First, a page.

TV Crimes and Punish(er)ment: Comic TV with Dan

Starting Over

So Frank Castle, at the beginning of the season, is drifting from town to town, trying to live the quiet life, even starting to connect to people again, but when a teen girl is attacked by surprisingly well-trained and equipped foes, Frank’s back in the fight.

Look, that’s… not too bad. In some ways what they have is a kind of ideal opening for a Punisher series. Frank comes to a new town, gets close to a local woman and her son, she’s injured in a gunfight over a teen girl in trouble, Frank starts revenge-killing the people responsible for the gunfight, the teen girl Macguffin becomes like a surrogate daughter to him. Solid foundation. It’s just… this is the second season to open with “Frank, having given up being the Punisher…” and that just plays into this weird trend.

Because wow but Marvel Netflix had a weird need to drag their characters back to square one. They were convinced that “reluctant hero being dragged into the fight” was the best intro possible and would not grow old at all no matter how many times they did it.

The┬áDefenders, a show with only eight episodes to fill, spent three of them with Matt Murdock trying his hardest not to be Daredevil, Jessica Jones trying to be a recluse (again), and Luke Cage just getting out of jail. Only Danny Rand, the worst Defender and the one least likely to be cared about, seemed eager to get into the Hand-fighting business. It was like “Everyone retires two minutes after their season finale” was the only excuse they could think up for “Why don’t the main characters cross over more?” Then JJ season two just tried to pretend Defenders never happened, and Jessica had to be reluctantly dragged into another mess.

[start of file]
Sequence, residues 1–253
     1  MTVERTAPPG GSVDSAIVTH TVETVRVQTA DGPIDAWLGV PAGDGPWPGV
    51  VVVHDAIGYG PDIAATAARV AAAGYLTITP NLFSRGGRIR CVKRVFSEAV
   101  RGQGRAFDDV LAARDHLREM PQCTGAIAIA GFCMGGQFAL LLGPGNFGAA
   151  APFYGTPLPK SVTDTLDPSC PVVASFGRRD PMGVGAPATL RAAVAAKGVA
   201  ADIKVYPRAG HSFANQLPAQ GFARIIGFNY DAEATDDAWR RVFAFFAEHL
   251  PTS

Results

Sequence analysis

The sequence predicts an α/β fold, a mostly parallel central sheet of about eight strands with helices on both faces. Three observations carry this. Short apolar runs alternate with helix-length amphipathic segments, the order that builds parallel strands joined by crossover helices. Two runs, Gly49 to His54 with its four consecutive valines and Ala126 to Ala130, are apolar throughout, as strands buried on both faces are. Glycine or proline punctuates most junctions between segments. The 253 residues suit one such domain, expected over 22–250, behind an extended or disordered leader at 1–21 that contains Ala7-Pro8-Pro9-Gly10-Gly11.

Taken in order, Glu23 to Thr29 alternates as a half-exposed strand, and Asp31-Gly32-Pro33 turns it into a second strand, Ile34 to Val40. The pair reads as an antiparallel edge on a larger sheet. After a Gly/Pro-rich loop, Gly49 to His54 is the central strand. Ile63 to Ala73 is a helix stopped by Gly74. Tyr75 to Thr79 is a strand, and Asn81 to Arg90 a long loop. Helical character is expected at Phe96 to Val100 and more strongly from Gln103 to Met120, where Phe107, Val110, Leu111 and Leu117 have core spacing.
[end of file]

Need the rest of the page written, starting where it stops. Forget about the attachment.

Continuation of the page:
The worst offender, of course, is Punisher season one, which I described at length back then. Suffice to say, they threw out Frank finally becoming the Punisher, and then took three episodes, three hour-long episodes, to re-teach him that thing about Afghanistan and get the actual plot going. Say what you want about the CW shows (they’re overall better than Marvel Netflix, fight me), but the main characters are in costume and fighting criminals by the end of the first episode, and only rarely need to be talked back into it.

But anyway, back to where we open the season…

Next Page: Two Many Villains, see what I did there?

Thing they did well: Jon Bernthal might be better than ever as Frank Castle. It’ll be a shame when Kevin Feige ultimately replaces him with Jamie Dornan from 50 Shades of Grey— don’t look at me like that, you don’t know that he won’t.

Leave a Reply

Your email address will not be published. Required fields are marked *